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Michael C. Zwaagstra

Education Faculties Should Disappear

University of Manitoba president David Barnard thinks it’s time to reduce the total number of faculties at his institution. Under his plan, more than one-third of them could be gone within the next five years.If Barnard is serious about finding faculties that would benefit from amalgamation, he need look no further than the faculty of education. In fact, the same holds true for other universities. Greater exposure to experts from other fields is just the thing education professors need in order to break out from their insular world filled with faulty notions about teaching and learning.The professional chasm between mathematicians and math education professors is an example. While many people assume that these two groups work closely together in designing provincial curricula and writing approved textbooks, the reality is quite different. Despite vigorous protests from mathematicians, math education professors regularly promote teaching methods that make it harder for students to acquire the math skills they need.Instead of making sure students memorize their math facts and learn standard math algorithms, math education professors tell prospective teachers to let students invent their own ways of solving math problems. While math education professors claim they have research evidence to back up their position, an examination of this research finds that it suffers from fatal design flaws such as small sample sizes, lack of proper control groups, and flawed research methodologies.Mathematicians Anna Stokke and Robert Craigen grew so frustrated with the obvious lack of math skills among students graduating from high school that they decided to fight back. In 2011 they started the Western Initiative for Strengthening Education in Math and set up a website (wisemath.org) that thoroughly debunks the faulty research produced by math education professors. However, the self-imposed isolation of faculties of education from other university faculties makes it easy for math… Read More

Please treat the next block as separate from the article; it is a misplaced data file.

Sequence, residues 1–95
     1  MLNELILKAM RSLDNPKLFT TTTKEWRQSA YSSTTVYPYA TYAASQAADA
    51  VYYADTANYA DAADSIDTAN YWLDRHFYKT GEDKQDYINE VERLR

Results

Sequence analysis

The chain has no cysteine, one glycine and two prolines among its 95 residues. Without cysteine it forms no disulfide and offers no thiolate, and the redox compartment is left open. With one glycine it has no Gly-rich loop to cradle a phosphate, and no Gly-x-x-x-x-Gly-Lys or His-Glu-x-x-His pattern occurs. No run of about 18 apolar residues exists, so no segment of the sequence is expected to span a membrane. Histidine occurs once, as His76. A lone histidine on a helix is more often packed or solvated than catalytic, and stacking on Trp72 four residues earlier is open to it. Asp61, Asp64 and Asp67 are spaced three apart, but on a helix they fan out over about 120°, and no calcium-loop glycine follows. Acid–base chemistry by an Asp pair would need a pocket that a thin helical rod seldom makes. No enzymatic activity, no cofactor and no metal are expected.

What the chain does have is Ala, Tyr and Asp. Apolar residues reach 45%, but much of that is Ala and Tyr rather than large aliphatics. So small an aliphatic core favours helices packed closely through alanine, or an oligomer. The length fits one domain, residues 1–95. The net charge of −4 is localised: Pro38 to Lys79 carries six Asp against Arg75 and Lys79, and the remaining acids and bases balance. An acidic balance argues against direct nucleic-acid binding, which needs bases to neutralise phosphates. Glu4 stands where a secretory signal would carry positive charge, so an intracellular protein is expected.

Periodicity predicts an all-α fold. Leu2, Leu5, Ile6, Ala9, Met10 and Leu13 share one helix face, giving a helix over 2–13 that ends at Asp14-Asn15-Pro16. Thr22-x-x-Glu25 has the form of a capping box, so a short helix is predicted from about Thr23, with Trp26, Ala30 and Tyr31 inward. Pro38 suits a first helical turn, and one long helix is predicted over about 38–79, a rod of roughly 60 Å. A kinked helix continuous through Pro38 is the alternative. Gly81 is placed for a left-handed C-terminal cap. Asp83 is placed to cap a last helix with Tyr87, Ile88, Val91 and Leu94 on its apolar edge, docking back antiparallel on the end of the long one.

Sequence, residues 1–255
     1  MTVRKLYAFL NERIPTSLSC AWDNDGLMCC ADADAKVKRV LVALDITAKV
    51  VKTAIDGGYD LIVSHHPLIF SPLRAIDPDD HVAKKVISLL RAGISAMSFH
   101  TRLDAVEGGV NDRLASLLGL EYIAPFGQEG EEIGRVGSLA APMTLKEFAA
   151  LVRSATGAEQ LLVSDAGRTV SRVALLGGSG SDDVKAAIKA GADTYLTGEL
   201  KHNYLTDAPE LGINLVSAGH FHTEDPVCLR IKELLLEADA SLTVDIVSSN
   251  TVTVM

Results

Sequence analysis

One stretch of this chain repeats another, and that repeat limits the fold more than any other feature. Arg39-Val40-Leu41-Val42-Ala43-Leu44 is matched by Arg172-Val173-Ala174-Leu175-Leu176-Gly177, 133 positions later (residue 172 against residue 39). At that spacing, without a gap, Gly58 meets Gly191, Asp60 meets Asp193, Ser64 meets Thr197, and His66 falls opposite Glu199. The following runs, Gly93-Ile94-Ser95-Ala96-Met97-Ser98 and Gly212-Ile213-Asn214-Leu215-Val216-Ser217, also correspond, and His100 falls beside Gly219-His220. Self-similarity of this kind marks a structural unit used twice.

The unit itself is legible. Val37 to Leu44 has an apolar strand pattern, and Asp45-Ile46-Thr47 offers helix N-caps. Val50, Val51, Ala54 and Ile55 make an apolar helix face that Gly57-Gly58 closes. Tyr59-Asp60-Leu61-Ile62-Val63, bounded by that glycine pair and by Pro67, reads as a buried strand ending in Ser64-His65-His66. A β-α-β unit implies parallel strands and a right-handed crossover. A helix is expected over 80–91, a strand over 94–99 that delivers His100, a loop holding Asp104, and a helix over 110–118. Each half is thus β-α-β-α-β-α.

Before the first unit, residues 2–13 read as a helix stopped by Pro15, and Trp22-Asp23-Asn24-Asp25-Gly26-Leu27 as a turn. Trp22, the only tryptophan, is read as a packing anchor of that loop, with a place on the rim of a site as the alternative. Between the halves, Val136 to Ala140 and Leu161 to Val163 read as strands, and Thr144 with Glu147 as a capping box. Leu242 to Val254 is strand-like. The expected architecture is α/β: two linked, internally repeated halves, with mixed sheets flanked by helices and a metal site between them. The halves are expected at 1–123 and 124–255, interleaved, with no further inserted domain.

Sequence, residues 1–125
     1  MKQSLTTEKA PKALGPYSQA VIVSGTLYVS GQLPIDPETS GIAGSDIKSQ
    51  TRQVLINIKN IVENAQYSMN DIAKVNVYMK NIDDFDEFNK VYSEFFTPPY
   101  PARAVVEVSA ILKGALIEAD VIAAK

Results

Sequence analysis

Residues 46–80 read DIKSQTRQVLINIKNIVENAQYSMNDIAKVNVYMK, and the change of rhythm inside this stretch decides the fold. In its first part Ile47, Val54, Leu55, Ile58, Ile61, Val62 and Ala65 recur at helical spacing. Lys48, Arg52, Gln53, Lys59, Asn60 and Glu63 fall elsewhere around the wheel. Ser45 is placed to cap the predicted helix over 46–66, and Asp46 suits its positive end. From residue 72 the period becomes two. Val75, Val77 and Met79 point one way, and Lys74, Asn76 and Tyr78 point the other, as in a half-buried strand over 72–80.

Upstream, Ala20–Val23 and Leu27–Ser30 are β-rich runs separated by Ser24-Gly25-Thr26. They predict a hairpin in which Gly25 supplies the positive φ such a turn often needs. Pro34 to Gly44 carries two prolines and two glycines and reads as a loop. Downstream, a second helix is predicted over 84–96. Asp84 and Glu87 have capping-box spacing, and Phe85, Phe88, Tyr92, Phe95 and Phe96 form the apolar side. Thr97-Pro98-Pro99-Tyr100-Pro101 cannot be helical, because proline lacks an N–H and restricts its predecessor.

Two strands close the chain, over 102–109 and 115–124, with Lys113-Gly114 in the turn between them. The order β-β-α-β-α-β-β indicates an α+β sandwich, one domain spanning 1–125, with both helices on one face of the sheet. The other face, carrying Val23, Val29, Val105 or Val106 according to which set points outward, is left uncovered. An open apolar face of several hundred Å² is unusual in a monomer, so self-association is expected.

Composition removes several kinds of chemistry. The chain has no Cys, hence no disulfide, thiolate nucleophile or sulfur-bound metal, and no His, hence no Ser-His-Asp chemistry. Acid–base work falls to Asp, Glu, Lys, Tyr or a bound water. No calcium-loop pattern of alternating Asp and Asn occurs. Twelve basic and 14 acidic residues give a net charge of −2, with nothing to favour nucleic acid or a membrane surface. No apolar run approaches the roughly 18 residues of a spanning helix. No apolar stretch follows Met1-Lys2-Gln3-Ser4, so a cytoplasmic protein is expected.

Something is wrong with math education in Canada

A solid understanding of mathematics is an important component of a well-rounded education. The ability to perform basic mathematical computations is a requirement of many entry-level jobs. In addition, careers in fields such as engineering, medicine, finance, and all of the sciences require a sound foundation in higher-level university mathematics, including calculus, statistics and linear algebra.Because math is such an important skill, schools have an obligation to ensure students learn key math concepts. Unfortunately, schools are largely failing in this regard. First-year post-secondary students are less and less prepared for university-level mathematics, which has led to a proliferation of remedial math courses at universities across Canada.Many parents also choose to enroll their children in special tutoring sessions with organizations such as Kumon Math & Reading and Sylvan Learning Centre to fill in the gaps left by the public school system. Unfortunately, many parents cannot afford extra tutoring, creating a two-tiered system that unfairly penalizes children whose parents cannot afford to pay for extra math tutoring.Although there is solid evidence for traditional approaches to teaching math that involve mastering standard algorithms, practicing skills to mastery and introducing concepts in incremental steps, most provincial math curricula and textbooks employ a different approach. This new approach to teaching math is based on a philosophy known as constructivism, which encourages students to come up with their own understanding of the subject at hand. As a result, there is very little direct instruction of important math algorithms or memorizing of basic math facts in many school classrooms.This de-emphasis on drill and practice is reflected in the Western and Northern Canadian Protocol (WNCP) math curriculum document. WNCP establishes a common curriculum framework for the provinces of British Columbia, Alberta, Saskatchewan, and Manitoba as well as the three territories. There are a lot of references in this… Read More